Walker Sand and Gravel will be allowed to expand its riverbed excavation site, the county announced Tuesday.
The company, located three miles south of Bellevue, applied for a permit to remove up to 75,000 cubic yards of sand and gravel from the bed of the Big Wood River. The excavation would create a channel about 12 feet deep and 1,160 feet wide, according to a county staff report.
"The application is not a gravel-mining operation, it is a complete disemboweling of the historic river channel," said county resident Rich McIntyre in a written public comment.
Walker Sand and Gravel owner Jim Walker said he needs to expand his excavation operations.
"Why are we expanding? To stay in business!" Walker said in an interview. "If we can't extract any more gravel out of this, we'll have to shut down."
Walker said that there is only so much product that can be mined from any given section of a riverbed.
"It's not really a renewable resource," he said.
Walker said that even though business has fallen off with the drop in valley construction caused by the current recession, there is still a demand for sand and gravel.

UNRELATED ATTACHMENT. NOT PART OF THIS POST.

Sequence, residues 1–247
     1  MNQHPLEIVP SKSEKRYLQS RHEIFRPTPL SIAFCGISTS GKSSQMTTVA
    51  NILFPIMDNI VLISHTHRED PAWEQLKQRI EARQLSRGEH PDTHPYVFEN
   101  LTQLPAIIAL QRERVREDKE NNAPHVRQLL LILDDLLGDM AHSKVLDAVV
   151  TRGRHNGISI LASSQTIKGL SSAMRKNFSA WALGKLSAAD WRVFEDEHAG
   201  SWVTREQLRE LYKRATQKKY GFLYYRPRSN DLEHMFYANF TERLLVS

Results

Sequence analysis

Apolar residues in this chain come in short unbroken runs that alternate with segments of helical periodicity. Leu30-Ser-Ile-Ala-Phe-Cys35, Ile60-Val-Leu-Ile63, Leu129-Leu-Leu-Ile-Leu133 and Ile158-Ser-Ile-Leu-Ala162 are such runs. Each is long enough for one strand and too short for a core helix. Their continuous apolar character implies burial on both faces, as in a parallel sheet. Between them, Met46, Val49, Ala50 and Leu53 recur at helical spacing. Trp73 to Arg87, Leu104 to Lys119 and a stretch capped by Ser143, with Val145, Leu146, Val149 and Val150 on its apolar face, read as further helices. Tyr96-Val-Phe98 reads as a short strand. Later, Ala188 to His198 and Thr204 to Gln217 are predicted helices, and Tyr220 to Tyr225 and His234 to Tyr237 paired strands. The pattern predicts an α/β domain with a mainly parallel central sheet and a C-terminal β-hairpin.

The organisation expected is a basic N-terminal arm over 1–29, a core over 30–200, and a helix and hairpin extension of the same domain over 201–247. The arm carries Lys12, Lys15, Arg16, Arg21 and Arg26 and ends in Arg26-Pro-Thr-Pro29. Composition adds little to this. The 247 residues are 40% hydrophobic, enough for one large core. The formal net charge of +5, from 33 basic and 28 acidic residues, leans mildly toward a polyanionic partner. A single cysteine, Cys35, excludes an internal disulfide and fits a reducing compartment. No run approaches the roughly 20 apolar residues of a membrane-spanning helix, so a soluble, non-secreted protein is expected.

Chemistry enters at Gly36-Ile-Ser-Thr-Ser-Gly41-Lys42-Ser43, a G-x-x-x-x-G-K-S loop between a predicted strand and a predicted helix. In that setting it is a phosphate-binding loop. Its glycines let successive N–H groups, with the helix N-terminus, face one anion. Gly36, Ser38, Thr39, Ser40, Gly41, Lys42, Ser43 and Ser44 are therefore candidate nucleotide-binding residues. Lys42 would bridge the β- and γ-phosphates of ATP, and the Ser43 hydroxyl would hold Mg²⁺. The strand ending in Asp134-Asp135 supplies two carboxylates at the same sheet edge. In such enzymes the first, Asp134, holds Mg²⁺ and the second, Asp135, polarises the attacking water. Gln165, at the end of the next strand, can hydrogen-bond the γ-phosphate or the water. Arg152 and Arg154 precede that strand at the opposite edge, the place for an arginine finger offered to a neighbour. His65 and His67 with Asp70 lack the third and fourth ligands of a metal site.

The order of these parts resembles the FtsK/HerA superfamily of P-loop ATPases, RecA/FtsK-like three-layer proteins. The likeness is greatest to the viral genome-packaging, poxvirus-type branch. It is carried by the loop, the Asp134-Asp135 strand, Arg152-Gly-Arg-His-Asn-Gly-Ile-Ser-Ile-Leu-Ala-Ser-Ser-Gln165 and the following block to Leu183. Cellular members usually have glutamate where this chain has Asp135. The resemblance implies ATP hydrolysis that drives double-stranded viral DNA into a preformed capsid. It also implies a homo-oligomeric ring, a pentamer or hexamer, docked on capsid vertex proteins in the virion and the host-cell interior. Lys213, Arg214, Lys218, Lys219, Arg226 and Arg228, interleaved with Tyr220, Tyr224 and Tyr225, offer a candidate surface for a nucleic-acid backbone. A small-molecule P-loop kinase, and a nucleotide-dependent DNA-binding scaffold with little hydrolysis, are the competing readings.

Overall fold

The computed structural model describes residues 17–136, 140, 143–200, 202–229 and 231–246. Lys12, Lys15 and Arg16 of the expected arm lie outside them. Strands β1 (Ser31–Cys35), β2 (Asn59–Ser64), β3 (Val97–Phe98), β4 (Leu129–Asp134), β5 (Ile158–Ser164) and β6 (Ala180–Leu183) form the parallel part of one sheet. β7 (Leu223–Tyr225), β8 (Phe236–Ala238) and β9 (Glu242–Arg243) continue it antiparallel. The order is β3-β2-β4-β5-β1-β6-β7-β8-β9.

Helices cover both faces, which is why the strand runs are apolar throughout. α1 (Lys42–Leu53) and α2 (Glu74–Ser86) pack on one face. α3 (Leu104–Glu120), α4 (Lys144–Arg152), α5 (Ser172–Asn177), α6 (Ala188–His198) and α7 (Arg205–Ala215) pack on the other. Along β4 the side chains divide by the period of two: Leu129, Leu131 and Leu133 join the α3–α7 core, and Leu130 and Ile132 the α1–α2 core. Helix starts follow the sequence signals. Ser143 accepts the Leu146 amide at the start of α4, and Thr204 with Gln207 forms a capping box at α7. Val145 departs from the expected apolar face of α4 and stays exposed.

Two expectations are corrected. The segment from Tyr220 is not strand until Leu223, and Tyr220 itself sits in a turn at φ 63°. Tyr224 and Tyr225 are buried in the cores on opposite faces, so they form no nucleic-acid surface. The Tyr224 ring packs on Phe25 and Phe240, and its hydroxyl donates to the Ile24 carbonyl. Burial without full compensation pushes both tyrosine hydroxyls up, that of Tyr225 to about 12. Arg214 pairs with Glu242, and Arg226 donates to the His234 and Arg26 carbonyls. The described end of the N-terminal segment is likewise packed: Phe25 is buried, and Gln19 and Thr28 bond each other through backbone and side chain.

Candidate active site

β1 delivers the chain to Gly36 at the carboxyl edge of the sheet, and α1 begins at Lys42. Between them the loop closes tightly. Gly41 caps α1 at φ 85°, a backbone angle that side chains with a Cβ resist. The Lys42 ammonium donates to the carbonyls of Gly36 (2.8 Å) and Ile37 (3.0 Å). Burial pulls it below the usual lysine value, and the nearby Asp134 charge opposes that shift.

The county staff report says this part of the river has traditionally been dry, other than at times of spring runoff.
The diversion, unfortunately, may send overflow runoff closer to private property, a concern County Commissioner Larry Schoen asked Walker to consider during a hearing Tuesday.
"I'd be happy to have waterfront property," Walker joked.
Schoen laughed, but added, "It's a mixed bag, being on the river."
The permit granted by the commissioners contains a condition that Walker Sand and Gravel relocate and transplant any vegetation removed during excavation. The Idaho Department of Fish and Game chose not to comment on impacts to the area.
Excavation would not be allowed to occur in flowing water.
The permit will be subject to a public hearing before it is renewed in 10 years. The commissioners agreed that they wanted the permit to come before the board so it could evaluate the impact on the river, and Commissioner Tom Bowman said he thought 10 years was soon enough.
"It gives the applicant some assurance in his investment," Bowman said.
Katherine Wutz: email@example.com